Warner Home Video brings Willy Wonka & the Chocolate Factory to Ultra HD Blu-ray as a two-disc combo pack with a Digital Copy code. When redeeming said code, users are granted access to the 4K digital version on some platforms while for others, it's available in HDX with legacy Dolby Digital audio. The dual-layered UHD66 disc sits comfortably opposite a Region Free, BD50 copy, and both are housed inside the standard black, eco-elite keepcase with a glossy slipcover. At startup, the disc goes straight to a static main menu screen with the usual options along the bottom and music playing in the background.
2021 Ultra HD
The cult classic wins the magic ticket on Ultra HD thanks to a beautiful and pleasing HEVC H.265 encode, which was reportedly struck from a brand-new remaster of the original 35mm camera negatives. The native 4K transfer enjoys a welcomed uptick in overall definition, exposing every nook and cranny of Wonka's factory and his various contraptions. The lettering on candy wrappers and signs are distinct, individual hairs are detailed, and the stitching and fabric of the costumes are easier to make out, especially the felt-like fabric of Wonka's hat. Nevertheless, the video comes with its fair share of soft, blurry sequences and can be distracting at times, but they are also to be expected, resulting from the condition and age of the elements. Otherwise, the picture looks great, offering a nice step-up over the previous Blu-ray.
Of more interest is the significant shift in the framing or what looks to be a revision to the film's original theatrical 1.66:1 aspect ratio. For DVD and Blu-ray releases, the movie was reframed to better fit the 1.78:1 widescreen televisions. And for this UHD edition, it is now presented in a 1.85:1 window. But the video also looks as though it was zoomed in, weirdly showing a bit more information in the top right of the image while cutting off a significant amount of the bottom and left, as seen in the attached screengrabs. The shift in framing is not immediately apparent while in motion and thankfully, not so egregious as to ruin its enjoyment. In fact, it looks great in a 1.85:1 frame. It is nonetheless a significant change worth mentioning.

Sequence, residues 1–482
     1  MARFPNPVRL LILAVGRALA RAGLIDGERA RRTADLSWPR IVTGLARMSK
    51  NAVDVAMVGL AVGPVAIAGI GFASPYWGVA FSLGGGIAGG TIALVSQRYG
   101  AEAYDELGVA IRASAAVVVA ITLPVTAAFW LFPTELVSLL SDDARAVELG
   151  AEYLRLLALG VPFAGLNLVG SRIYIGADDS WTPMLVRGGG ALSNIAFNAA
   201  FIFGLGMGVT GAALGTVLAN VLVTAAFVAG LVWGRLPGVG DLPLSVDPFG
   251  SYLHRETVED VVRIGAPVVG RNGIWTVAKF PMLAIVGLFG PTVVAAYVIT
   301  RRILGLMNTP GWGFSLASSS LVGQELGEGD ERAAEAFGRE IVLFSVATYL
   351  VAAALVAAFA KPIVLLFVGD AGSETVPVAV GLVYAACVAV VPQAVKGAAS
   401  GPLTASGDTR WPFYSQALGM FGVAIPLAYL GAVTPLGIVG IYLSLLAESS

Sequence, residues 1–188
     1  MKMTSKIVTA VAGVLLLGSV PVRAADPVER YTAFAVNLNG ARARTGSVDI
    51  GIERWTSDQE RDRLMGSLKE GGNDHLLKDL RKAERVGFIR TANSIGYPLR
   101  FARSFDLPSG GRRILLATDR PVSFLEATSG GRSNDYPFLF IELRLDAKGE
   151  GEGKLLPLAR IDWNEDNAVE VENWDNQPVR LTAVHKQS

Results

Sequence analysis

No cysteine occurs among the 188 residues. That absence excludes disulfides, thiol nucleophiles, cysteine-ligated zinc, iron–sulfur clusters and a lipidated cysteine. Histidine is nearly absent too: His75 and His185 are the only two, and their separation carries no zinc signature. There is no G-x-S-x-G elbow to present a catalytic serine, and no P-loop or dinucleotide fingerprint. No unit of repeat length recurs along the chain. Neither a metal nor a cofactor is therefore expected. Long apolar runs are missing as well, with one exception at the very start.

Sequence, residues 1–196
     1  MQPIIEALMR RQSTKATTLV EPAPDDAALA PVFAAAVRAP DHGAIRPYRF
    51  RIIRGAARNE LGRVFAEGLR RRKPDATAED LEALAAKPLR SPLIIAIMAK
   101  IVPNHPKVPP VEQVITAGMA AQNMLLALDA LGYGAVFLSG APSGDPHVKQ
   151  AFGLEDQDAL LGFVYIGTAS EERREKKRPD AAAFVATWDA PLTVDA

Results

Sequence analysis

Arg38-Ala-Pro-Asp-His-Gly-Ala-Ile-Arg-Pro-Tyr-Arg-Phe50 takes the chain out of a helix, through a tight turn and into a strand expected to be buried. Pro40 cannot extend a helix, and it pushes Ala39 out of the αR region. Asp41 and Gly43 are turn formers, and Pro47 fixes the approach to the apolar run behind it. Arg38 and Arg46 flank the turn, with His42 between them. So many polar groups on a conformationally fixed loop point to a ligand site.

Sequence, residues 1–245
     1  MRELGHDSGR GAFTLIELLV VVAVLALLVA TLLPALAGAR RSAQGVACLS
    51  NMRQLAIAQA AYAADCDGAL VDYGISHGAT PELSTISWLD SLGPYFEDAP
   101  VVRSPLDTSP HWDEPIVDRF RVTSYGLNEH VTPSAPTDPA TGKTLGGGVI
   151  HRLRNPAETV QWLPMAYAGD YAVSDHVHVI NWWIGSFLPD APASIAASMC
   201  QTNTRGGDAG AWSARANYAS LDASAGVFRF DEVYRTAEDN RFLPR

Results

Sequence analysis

The presentation also benefits from what appears to be a new color timing, shifting the spectrum from the greenish-yellow variety seen on the Blu-ray to a warmer reddish-magenta tint. Facial complexions have a more natural peachy tone to them with revealing lifelike textures, and the Oompa-Loompas are a deep yam orange shade. In fact, secondary hues show more appreciable variation throughout, especially the earthy browns and tans while the purples and pinks appear more animated with the candy land and egg room being the showstoppers. Interestingly, primaries remain about the same and don't show much of a dramatic jump from the 1080p version, but they are nonetheless richly saturated and more accurately rendered, like Veruca Salt's candy red dress and Violet's cobalt blue outfit.